--Any true friend of Muslims would want the revolutionary Islamists defeated and the regimes supporting them overthrown. Such a person would join the fight against not only al-Qaida but also Hamas, Hizballah, Iran, the Muslim Brotherhood, Syria, and the Taliban.

--Most of the obsessive demonization of Israel today does not spring from some humanitarian impulse but is orchestrated by revolutionary Islamists and their Western allies (witting or otherwise) to commit genocide on Israeli Jews, expel or oppress Palestinian Christians, and impose a totalitarian state on Palestinians.

--Until Western leaders understand the above principles, their policies will not only fail they will be counterproductive for the interests of both their own countries and millions of Muslims, who do not want to be ruled by revolutionary Islamism.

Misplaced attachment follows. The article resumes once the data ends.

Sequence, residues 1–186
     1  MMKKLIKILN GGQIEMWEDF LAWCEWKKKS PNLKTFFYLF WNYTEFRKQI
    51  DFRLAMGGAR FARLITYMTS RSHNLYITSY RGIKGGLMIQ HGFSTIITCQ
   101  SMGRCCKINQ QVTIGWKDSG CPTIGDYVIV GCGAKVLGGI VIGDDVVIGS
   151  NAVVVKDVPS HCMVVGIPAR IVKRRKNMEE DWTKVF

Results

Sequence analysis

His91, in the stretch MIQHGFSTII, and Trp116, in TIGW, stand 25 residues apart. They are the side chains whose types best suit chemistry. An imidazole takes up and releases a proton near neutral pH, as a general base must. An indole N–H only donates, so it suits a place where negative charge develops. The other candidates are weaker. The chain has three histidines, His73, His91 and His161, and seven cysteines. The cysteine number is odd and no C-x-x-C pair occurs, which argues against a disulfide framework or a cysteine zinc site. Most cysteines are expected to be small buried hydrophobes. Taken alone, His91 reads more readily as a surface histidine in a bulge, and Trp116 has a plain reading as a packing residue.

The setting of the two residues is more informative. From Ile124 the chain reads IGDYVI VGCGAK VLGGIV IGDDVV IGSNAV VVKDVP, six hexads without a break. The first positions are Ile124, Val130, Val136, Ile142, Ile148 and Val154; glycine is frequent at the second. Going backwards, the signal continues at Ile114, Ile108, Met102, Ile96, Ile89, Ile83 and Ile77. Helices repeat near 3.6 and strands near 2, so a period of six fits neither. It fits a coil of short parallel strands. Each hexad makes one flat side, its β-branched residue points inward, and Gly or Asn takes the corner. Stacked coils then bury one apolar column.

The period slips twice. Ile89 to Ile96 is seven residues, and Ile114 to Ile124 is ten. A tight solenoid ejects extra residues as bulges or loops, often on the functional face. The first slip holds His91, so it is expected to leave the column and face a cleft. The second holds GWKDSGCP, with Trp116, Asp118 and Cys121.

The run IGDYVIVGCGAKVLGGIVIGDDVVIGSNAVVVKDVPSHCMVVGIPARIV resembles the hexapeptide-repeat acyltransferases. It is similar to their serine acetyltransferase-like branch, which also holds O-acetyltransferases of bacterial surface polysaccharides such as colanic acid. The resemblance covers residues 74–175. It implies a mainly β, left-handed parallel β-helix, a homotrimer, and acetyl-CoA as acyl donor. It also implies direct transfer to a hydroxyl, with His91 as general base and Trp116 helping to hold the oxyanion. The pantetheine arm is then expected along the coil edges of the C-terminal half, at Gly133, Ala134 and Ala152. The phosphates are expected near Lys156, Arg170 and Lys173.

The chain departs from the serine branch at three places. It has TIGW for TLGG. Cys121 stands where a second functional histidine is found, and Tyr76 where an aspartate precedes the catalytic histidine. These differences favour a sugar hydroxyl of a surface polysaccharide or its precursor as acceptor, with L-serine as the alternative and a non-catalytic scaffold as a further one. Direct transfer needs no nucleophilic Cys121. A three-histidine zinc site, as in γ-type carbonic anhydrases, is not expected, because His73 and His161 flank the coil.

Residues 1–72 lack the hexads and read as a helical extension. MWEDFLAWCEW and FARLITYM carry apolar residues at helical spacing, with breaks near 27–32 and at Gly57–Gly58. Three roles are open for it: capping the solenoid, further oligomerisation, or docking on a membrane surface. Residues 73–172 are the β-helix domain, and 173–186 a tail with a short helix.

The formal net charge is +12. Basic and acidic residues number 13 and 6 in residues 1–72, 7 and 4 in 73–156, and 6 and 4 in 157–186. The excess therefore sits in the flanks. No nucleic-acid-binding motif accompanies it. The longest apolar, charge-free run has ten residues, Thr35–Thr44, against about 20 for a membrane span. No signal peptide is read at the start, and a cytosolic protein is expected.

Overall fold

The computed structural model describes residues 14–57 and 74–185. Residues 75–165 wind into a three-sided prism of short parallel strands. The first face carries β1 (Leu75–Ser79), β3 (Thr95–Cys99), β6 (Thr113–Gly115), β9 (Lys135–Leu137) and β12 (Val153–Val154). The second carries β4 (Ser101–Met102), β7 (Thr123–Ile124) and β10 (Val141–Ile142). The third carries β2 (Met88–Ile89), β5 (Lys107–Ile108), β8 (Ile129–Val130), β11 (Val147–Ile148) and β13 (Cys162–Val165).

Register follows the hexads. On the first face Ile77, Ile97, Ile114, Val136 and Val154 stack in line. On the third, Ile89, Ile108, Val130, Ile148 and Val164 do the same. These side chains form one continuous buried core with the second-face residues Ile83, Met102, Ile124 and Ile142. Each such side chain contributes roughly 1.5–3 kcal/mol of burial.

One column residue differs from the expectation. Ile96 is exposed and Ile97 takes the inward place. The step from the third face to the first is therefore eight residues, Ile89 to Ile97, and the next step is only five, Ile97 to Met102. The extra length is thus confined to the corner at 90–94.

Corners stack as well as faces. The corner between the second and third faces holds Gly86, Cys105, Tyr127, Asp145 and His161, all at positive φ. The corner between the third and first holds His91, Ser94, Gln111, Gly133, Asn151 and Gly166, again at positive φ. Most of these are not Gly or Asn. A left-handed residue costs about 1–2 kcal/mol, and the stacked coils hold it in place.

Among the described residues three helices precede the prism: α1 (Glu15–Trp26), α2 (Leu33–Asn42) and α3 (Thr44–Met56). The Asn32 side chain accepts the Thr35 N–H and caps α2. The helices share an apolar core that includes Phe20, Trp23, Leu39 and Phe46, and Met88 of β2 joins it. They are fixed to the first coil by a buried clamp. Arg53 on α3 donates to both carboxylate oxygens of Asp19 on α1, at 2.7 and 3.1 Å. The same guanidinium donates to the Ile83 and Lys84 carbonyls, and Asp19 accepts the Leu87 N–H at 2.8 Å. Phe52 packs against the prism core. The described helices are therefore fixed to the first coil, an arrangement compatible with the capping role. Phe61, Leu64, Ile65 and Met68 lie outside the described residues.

Now here's an interesting question. Suppose the above list of propositions was submitted to leading politicians, policymakers, journalists, and academic experts, how many of these points would they accept as obvious and how many totally reject? If this list was given to average people how many of these points would they say that they've never heard expressed by their mass media or leaders?

Barry Rubin is director of the Global Research in International Affairs (GLORIA) Center, editor of the Middle East Review of International Affairs (MERIA) Journal, and a featured columnist at PajamasMedia His latest books are The Israel-Arab Reader (seventh edition), The Long War for Freedom: The Arab Struggle for Democracy in the Middle East (Wiley), and The Truth About Syria (Palgrave-Macmillan). The website of the GLORIA Center is His PajamaMedia columns are mirrored and other articles available at